Today’s episode is with Jennifer Bennett, an owner of the 28-year-old Zazie in Cole Valley, a San Francisco Legacy business well-known for its eggs Benedict, legendary home fries, and the kindest staff, as well as its progressive business practices. (She is also the owner of Lovina in Calistoga.) Early this year, in January of 2020, after owning Zazie for 15 years and working there for 20, Jennifer sold the restaurant to three long-time employees, although she remains a 25-percent owner and oversees the business.But when the shutdown happened, she sprang into action like a two-hundred-percent owner, fighting hard for her 38 employees, and draining her 401K, maxing her home equity loan, and selling her life insurance policy to do anything to help keep the business afloat. After hemorrhaging all available funds, and with takeout business just not covering what they needed in order to operate and make payroll, they made the hard decision to temporarily close Zazie. But 10 days later, a Covid miracle of miracles happened, and they just received a PPP (Paycheck Protection Program) loan, enabling them to reopen and be able to pay their employees. On the day of our interview, it was Zazie’s reopening day, with a new online menu for takeout, and new kits for Mother’s Day. Jennifer shares with us her perspective on navigating this brutal business experience, as well as some plans and ideas about what the future of reopening Zazie for dining could look like. As one of our city’s most progressive restaurateurs, this interview is one to listen to.Zazie,, 941 Cole St., San FranciscoTwo-Top: 1. Izzy’s Steaks,; Feed Frontline Hospital Workers GoFundMe:  2. The Melt,; Melting Hearts for Hospitals: If you’re a Bay Area business or individual and want to be featured in On the Fly, please fill out the form at the show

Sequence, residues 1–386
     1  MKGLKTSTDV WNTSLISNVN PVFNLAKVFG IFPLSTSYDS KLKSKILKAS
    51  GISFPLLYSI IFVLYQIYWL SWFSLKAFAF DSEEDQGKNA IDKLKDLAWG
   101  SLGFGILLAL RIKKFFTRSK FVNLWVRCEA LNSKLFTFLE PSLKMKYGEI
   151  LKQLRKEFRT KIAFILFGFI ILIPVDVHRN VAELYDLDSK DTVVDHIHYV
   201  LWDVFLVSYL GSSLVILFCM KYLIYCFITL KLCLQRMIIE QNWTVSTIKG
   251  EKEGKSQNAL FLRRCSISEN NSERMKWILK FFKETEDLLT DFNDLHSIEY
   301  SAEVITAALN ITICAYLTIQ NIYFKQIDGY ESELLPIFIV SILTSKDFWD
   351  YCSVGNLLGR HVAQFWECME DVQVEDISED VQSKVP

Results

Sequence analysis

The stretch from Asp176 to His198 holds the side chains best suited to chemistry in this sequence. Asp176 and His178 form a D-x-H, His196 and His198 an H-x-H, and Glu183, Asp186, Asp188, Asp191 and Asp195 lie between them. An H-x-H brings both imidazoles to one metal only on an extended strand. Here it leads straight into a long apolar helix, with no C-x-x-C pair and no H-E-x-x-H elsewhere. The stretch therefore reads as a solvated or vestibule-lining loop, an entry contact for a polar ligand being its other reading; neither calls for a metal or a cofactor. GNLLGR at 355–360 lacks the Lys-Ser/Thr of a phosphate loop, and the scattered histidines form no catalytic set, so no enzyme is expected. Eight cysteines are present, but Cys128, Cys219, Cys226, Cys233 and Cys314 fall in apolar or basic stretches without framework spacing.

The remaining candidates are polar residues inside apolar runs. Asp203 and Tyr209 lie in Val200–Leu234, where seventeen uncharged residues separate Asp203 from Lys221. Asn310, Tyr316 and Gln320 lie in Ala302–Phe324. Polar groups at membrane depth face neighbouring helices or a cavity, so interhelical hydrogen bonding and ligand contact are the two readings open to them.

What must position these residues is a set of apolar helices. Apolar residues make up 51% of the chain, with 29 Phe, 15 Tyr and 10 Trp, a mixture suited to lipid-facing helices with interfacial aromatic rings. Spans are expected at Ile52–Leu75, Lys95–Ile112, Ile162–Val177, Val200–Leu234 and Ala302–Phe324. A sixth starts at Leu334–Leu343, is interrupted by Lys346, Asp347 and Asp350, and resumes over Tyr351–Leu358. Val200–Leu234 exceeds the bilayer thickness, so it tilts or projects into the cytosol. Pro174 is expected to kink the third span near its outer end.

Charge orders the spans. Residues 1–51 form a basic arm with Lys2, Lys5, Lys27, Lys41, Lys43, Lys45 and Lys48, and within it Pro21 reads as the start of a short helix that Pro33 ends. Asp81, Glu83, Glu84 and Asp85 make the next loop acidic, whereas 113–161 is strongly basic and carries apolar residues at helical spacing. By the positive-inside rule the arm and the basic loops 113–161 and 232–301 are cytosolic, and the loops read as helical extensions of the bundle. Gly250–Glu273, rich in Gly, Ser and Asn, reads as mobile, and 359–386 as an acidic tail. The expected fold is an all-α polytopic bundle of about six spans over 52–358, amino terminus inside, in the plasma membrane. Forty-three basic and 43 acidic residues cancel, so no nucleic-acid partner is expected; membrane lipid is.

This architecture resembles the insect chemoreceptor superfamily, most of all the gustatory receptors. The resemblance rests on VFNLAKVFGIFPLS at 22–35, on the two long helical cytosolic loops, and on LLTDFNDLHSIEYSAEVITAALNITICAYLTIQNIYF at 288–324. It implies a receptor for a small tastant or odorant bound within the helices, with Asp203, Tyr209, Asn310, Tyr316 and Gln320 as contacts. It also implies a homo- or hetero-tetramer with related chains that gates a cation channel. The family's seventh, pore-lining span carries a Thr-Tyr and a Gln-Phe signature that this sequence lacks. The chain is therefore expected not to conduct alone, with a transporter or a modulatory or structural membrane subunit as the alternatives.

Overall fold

Today’s episode is with Fernando Pujals, the Senior Director of Communications and Clean Operations for the TLCBD (Tenderloin Community Benefit District). This episode is a follow-up to our previous episode with chef Joanna Karlinsky, who has been directly feeding the unhoused on the streets of the Tenderloin and other encampments around the city. When I interviewed Joanna, she revealed folks have been asking her for water due to diminished access—she’s been filling containers and buying water for them on her own. It was a distressing piece of information, and led me to connect further with the TLCBD about what to do. I’m so grateful I was able to speak with Fernando for today’s episode, who offers us some perspective on the crisis happening on the streets of the Tenderloin during this pandemic, how the city is responding, all the ways the TLCBD organization works with the neighborhood, and how we can support the Tenderloin restaurants and food businesses that are still open. Be sure to listen to the very end, when Fernando talks about a grant program On the Fly listeners can donate to and DOUBLE the aid going to restaurants and food entrepreneurs. You have until noon on Sunday May 3rd, 2020, for the match, but if you’re getting to this later, you can always email and mention tablehopper and they’ll make sure your donation directly supports Tenderloin food businesses (it doesn't seem you can leave a note in PayPal when donating directly via the TLCBD website button). TLCBD: www.tlcbd.orgList of open Tenderloin restaurants (and more on the mini-grants for small business): to help Joanna Karlinsky feed and bring water to the unhoused: 6 Supervisor Matt Haney’s fundraiser for masks and sanitizer: Mae fundraiser for hand-washing stations: New Deal: https://sfnewdeal.orgSt. Anthony's: 1. Sai Jai Thai, Tycoon Thai, you’re a Bay Area business or individual and want to be featured in On the Fly, please fill out the form at the show (